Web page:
I tried a couple of products from the Cranberry Citrus line: the Solid Body Butter ($15) and the Sugar Scrub ($28). First, the good things: I love the texture of this scrub. It’s not too oily and doesn’t leave an oil slick behind in the tub. It melts into your skin after a minute or so of scrubbing, so you’re left beautifully moisturized—you could even skip lotion. I also love the packaging—simple but pretty. What I didn’t like so much? The Body Butter comes in a tube just like a deodorant stick… and while I appreciate the idea, it’s still an odd feeling trying to coat your body with moisture that way. And finally, the scent: I didn’t love it. (Too sweet, almost chemical-smelling… although I know this is a natural line.) I prefer more botanical scents, so maybe Sarah will be inspired to create something a bit more authentic in a future product batch.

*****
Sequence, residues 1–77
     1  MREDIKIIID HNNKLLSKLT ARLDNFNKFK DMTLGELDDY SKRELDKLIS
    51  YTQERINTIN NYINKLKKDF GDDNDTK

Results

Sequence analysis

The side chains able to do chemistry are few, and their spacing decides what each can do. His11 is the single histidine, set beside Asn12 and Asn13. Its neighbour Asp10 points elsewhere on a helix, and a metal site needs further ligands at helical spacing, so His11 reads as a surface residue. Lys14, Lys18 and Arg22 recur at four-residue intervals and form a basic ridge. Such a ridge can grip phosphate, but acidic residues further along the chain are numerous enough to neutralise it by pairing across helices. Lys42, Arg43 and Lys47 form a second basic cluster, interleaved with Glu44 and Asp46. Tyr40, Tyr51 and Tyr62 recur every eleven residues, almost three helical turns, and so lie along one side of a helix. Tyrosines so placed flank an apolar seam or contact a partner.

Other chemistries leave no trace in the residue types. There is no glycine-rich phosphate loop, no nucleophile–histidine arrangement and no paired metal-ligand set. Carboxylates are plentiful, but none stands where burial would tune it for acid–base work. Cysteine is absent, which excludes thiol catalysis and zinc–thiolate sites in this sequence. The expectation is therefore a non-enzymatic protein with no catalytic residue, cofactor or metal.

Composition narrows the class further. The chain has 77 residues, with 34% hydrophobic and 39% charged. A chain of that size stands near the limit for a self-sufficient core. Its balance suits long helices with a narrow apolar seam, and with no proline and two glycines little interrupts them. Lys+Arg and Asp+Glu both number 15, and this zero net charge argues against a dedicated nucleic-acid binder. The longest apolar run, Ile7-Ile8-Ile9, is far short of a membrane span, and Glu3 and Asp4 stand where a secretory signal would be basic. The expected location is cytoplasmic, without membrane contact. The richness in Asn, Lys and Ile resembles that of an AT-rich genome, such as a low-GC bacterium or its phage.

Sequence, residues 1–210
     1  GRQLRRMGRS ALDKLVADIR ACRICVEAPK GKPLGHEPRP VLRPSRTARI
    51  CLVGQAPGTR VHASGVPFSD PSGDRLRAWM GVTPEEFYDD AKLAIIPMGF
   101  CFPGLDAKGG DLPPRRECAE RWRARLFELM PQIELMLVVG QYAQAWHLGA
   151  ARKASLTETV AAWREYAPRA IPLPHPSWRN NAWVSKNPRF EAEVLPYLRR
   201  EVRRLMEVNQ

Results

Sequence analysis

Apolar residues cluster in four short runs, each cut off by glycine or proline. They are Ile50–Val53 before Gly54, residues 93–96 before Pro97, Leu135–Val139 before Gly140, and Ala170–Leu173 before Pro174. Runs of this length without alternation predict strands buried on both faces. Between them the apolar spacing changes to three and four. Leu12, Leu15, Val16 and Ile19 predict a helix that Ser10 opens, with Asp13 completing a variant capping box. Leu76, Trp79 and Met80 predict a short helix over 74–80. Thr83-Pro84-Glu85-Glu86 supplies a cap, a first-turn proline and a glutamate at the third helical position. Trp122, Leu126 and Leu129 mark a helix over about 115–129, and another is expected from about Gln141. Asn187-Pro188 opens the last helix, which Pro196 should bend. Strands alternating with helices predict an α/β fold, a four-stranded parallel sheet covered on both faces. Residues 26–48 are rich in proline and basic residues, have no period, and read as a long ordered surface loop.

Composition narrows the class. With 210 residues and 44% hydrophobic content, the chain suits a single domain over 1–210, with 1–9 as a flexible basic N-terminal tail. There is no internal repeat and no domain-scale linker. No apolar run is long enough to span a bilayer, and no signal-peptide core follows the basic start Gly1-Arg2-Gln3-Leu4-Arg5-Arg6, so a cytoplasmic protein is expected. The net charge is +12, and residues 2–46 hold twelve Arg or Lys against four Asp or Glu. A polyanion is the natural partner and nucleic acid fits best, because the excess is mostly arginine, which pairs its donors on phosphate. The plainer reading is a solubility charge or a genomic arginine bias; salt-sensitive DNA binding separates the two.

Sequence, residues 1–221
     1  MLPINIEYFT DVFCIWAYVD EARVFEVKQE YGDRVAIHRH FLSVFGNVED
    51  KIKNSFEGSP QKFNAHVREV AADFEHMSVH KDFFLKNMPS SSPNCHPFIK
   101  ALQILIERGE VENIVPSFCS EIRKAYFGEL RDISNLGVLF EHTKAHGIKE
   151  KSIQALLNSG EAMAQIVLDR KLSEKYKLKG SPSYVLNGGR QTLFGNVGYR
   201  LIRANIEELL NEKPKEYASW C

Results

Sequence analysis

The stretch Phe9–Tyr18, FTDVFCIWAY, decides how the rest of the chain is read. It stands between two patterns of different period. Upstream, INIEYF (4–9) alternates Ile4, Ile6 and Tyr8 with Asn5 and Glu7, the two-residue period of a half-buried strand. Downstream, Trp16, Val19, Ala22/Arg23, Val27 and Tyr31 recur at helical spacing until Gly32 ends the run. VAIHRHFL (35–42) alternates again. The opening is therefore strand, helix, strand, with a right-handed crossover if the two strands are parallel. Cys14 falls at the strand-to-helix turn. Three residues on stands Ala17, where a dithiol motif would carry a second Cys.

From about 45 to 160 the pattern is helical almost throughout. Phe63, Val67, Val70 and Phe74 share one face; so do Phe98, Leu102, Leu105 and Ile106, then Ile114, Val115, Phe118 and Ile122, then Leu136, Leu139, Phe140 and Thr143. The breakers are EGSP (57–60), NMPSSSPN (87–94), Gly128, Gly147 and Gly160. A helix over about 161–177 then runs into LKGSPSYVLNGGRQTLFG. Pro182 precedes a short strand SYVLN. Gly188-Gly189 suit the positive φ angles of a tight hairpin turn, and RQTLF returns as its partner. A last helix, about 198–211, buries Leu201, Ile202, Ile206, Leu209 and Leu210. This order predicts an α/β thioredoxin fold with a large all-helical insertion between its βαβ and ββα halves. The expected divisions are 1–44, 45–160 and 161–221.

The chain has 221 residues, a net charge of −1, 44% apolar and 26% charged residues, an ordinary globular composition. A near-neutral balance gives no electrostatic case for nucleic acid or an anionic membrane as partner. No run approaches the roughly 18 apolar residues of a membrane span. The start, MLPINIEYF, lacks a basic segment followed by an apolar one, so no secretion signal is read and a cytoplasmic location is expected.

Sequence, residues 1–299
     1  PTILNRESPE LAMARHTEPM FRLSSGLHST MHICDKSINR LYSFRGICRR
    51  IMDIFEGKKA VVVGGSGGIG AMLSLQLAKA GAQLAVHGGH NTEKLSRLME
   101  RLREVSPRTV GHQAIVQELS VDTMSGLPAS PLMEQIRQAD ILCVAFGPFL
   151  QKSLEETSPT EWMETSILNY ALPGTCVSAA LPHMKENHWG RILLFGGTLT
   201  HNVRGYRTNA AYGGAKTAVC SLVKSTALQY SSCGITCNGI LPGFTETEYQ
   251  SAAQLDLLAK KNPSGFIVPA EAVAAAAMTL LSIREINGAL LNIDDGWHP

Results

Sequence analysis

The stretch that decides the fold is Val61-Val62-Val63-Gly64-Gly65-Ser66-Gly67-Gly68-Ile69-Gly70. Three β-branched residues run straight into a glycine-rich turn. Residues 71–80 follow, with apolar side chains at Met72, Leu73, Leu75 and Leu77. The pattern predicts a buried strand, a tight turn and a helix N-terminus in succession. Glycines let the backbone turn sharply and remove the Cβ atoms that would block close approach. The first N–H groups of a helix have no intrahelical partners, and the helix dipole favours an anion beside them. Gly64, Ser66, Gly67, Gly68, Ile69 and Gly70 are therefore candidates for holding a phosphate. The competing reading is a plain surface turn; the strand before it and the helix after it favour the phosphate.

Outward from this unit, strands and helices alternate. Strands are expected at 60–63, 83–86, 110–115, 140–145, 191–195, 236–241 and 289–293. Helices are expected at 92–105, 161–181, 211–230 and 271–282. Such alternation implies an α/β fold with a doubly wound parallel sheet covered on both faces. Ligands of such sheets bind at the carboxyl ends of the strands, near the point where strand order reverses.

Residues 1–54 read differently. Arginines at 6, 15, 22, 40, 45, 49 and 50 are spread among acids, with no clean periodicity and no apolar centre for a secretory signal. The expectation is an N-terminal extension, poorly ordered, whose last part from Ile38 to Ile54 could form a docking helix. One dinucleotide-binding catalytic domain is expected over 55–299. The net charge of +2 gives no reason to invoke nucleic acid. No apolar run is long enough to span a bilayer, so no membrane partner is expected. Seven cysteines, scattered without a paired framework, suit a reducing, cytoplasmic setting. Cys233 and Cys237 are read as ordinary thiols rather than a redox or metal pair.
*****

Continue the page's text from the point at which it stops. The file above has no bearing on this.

Zuii Organics (at The Big Carrot in Toronto and select health stores across Canada): As you may know, I’m a BIG fan of anything natural or organic, so I was super excited to try this organic makeup line, which comes from Australia and is produced from flowers. That’s right—FLOWERS. They somehow transform rose petals, jasmine and chamomile flowers into makeup. (Oh—and add in minerals, essential oils and plant extracts too.) The idea is that the makeup actually improves the health of your skin while you wear it.
After testing a number of the products, I think this is a range that I’d cherry-pick from. The Powder Foundation is great—although it’s not high coverage, it’s natural-looking and I felt quite secure in the knowledge that it wouldn’t clog my pores! I also liked the Lip Tint: nice and shiny, with organic rose, beeswax and aloe vera for moisture. The Blush is highly pigmented so you need to be very light-handed, but it’s a good, talc-free option. Biggest disappointments were the Liquid Foundation and the Lipstick. With the former, I loved the texture and coverage, but the scent was just odd, and I wouldn’t use it for that reason alone. And the Lipstick, while a pretty colour, was incredibly drying—not at all like the “creamy formula” that’s promised.
What do you think? Have you tried any of the brands I reviewed this month?